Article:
Article by Breanne Hill — Photos by Megan Parks
Equine Sports Medicine & Surgery’s Critical Care Program uses the latest technology to battle the toughest health problems, and recent advances in the use of oxygen therapy to aid the healing process has made the hyperbaric chamber one of ESMS’s most important pieces of technology.
Sherman the Clydesdale was transported from his home in Louisiana to ESMS for a hoof ailment. Shedding his outer hoof wall, the 19-year-old gentle giant was prescribed a series of treatments in ESMS’s hyperbaric chamber.
Using oxygen as its secret weapon, the hyperbaric chamber is a giant cylinder in which horses are placed for timed therapy sessions. While the horse relaxes in the chamber’s stall-like environment, the barometric pressure within the cylinder is increased, causing oxygen to concentrate in the horse’s blood and tissues.
Sherman was put into the chamber in hopes that the oxygen would promote the quick regeneration of the layers of the hoof—and it worked.
The hyperbaric chamber’s oxygenated treatment is meant to cause the rapid healing of such health maladies as open wounds, infections and respiratory diseases.
Dr. Fairfield Bain, DVM, MBA, Dip., ACVIM, ACVP, ACVECC, points out that ESMS has even used the chamber to treat Exercise Induced Pulmonary Hemorrhage, or bleeding in the lungs, in race and barrel horses.
“This is not a machine that we just set up for routine maintenance or anybody can come in here and request to use,” Bain stresses. “This is meant to treat horses that have diagnosed problems.”
Oxygen therapy first became popular in the horse industry approximately 10 years ago, when Thoroughbred caretakers began using it to treat joint and bone infections in high-dollar foals.
The theory behind the chamber is, of course, that oxygen is a healing agent. In compromised areas of the body, such as those that are infected or diseased, levels of oxygen are usually low thanks to damaged blood vessels and irregular blood flow. The oxygen chamber forces a horse to breathe 100 percent oxygen, which promotes blood flow and enhances the effectiveness of growth hormones and some antibiotics—all of which contribute to faster healing.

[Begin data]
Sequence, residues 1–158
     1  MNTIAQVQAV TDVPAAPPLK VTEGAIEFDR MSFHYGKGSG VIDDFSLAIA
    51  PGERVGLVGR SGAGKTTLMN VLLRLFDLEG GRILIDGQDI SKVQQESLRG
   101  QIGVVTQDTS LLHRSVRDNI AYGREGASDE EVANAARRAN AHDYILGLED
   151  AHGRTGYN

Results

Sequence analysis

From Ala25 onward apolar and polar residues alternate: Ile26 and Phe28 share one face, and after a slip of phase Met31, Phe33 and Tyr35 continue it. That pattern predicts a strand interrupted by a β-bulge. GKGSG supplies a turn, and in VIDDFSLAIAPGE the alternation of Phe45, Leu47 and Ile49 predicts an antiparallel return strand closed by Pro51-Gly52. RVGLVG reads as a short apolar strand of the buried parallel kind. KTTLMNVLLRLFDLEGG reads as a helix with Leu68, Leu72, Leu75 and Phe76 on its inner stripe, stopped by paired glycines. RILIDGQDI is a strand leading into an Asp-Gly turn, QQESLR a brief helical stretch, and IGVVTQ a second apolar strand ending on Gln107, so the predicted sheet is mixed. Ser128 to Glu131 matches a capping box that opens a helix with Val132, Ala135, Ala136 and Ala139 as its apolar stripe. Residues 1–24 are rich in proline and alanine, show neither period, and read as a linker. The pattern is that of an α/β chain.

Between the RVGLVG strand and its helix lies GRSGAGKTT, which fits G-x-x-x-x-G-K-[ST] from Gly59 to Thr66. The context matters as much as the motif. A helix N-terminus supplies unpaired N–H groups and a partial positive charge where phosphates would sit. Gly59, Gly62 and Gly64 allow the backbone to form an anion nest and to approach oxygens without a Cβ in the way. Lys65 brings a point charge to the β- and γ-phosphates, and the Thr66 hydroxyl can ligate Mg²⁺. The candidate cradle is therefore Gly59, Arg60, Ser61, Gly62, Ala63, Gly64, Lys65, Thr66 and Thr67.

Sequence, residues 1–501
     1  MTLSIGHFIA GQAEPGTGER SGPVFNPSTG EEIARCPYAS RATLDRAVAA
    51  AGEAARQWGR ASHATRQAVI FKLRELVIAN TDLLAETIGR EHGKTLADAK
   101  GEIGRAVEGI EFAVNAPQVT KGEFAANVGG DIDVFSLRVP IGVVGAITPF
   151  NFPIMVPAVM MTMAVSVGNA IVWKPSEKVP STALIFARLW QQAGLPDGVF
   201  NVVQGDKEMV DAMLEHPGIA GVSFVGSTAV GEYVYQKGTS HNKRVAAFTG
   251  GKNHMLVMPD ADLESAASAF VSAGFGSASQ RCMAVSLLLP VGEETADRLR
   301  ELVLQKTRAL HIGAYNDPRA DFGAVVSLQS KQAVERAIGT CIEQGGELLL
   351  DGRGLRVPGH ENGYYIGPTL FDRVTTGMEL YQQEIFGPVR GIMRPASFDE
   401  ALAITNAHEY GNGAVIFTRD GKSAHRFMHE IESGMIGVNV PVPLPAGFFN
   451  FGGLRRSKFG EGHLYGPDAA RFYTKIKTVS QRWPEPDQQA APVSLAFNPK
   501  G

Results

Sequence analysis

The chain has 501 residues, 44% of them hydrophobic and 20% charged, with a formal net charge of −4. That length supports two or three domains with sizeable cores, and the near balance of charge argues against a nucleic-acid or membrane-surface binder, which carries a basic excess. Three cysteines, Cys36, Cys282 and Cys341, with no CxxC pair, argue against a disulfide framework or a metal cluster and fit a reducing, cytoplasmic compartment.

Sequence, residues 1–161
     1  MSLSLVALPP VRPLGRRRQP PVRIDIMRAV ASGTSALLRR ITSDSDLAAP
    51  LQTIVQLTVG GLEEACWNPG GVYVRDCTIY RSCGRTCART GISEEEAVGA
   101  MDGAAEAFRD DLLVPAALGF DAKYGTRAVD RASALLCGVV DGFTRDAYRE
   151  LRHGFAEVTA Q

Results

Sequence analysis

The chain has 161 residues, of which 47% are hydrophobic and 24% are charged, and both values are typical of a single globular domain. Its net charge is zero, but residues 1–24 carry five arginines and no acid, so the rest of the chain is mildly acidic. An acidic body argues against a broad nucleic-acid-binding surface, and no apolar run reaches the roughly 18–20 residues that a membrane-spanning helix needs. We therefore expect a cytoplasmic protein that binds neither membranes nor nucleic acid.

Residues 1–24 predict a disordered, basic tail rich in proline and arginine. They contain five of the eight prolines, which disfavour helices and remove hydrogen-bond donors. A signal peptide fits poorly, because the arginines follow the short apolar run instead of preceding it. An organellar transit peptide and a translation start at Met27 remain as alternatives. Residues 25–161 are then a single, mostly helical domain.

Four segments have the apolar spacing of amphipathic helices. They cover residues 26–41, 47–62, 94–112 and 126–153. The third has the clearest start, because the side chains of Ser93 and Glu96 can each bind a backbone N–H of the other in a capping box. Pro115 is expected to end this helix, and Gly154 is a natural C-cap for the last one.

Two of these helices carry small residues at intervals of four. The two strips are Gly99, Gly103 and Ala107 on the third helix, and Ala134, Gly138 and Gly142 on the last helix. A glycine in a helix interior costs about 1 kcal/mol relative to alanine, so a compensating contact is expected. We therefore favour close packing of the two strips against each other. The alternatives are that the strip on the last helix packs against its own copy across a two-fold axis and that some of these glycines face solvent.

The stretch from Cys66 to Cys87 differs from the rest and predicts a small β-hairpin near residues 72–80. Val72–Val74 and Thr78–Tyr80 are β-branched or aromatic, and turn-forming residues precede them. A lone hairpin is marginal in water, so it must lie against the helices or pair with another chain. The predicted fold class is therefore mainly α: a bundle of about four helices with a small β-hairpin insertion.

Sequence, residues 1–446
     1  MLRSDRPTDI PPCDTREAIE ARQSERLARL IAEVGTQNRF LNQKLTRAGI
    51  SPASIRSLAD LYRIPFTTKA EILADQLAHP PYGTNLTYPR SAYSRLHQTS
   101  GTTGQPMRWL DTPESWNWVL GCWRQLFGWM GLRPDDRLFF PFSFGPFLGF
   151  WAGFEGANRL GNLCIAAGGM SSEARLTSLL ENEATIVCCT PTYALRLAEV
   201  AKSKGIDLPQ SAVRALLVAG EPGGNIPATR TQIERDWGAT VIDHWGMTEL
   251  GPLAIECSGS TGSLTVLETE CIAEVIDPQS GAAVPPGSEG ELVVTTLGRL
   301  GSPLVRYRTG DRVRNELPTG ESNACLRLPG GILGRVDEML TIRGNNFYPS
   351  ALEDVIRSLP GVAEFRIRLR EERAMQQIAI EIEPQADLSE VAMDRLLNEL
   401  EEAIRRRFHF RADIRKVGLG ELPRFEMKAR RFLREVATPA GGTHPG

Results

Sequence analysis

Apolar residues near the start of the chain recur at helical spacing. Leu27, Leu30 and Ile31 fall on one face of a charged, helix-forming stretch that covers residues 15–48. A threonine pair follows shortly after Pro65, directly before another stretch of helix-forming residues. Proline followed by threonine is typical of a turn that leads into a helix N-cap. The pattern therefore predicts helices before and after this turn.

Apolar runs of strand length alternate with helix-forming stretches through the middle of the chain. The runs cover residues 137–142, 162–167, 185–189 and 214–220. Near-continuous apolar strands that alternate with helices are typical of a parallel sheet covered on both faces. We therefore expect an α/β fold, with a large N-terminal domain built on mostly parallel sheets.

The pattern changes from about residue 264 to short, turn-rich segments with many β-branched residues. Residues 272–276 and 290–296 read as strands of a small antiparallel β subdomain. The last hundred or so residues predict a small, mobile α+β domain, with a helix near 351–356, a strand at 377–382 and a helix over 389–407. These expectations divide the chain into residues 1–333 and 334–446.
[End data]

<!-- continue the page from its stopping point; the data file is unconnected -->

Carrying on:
Because the hyperbaric chamber is used regularly to treat pneumonia, it was only a short jump for doctors to use it in Exercise Induced Pulmonary Hemorrhaging cases. Although it has yet to be proven if oxygen therapy can ultimately cure a horse and keep it from bleeding in its lungs in the future, the chamber has appeared to be effective in cleaning the lung tissue of horses that have been bleeding and temporarily eliminating any bacterial problems in the lungs that have arisen from the problem.
“When it comes to Exercise Induced Pulmonary Hemorrhaging, we might treat after they run,” Bain described, “or we might prescribe maintenance treatments.”
Whether conducting maintenance or treatment on an animal, one thing is certain: these medical professionals do not take the running of the high-powered chamber lightly.
“We are unusual in that every person who runs this machine has been certified to run it,” Bain said. “Dealing with this kind of pressure and oxygen can be a dangerous thing, so we make every effort to make the environment as safe as possible.”
Nowhere in the hospital is the modern lean of technology more obvious than in the spaceship-like silhouette of the hyperbaric chamber’s oxygen storage tank and “stall” area. But even when dealing with this modern device, the doctors of ESMS insist that it is their tried-and-true instincts and bedside manner that make the real difference.
“We’re very proud of everything we have here,” Bain said. “But we know, in the end, it all comes back to making sure the horse is getting the best care, whether that’s through using some of this equipment or by applying some bandages and TLC.”
That means everything eventually comes back to Bain’s early morning phone calls and his calm reassurance that his patients are receiving the best care that can be given.
“A lot of hospitals probably don’t want to bother with a critical care unit because it isn’t always in-and-out care,” Bain said. “We’re dealing with sick horses here, but I think we feel like we’re supposed to be doing this. This is where we’re needed.”
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